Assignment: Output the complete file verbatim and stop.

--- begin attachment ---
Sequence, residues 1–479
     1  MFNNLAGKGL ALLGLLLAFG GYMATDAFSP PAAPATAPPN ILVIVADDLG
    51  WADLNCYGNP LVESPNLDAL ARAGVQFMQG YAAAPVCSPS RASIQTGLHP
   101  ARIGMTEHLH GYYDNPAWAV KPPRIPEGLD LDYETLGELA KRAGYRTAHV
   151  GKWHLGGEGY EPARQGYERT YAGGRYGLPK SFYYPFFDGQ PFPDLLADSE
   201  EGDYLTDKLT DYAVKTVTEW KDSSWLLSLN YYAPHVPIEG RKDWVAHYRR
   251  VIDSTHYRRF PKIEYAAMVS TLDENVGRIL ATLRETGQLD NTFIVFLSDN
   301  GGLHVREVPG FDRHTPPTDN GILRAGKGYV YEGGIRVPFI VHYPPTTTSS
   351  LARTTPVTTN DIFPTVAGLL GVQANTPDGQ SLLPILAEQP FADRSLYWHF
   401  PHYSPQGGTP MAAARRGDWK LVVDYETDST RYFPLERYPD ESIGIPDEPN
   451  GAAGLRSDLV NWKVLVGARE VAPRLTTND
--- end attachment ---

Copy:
Sequence, residues 1–479
     1  MFNNLAGKGL ALLGLLLAFG GYMATDAFSP PAAPATAPPN ILVIVADDLG
    51  WADLNCYGNP LVESPNLDAL ARAGVQFMQG YAAAPVCSPS RASIQTGLHP
   101  ARIGMTEHLH GYYDNPAWAV KPPRIPEGLD LDYETLGELA KRAGYRTAHV
   151  GKWHLGGEGY EPARQGYERT YAGGRYGLPK SFYYPFFDGQ PFPDLLADSE
   201  EGDYLTDKLT DYAVKTVTEW KDSSWLLSLN YYAPHVPIEG RKDWVAHYRR
   251  VIDSTHYRRF PKIEYAAMVS TLDENVGRIL ATLRETGQLD NTFIVFLSDN
   301  GGLHVREVPG FDRHTPPTDN GILRAGKGYV YEGGIRVPFI VHYPPTTTSS
   351  LARTTPVTTN DIFPTVAGLL GVQANTPDGQ SLLPILAEQP FADRSLYWHF
   401  PHYSPQGGTP MAAARRGDWK LVVDYETDST RYFPLERYPD ESIGIPDEPN
   451  GAAGLRSDLV NWKVLVGARE VAPRLTTND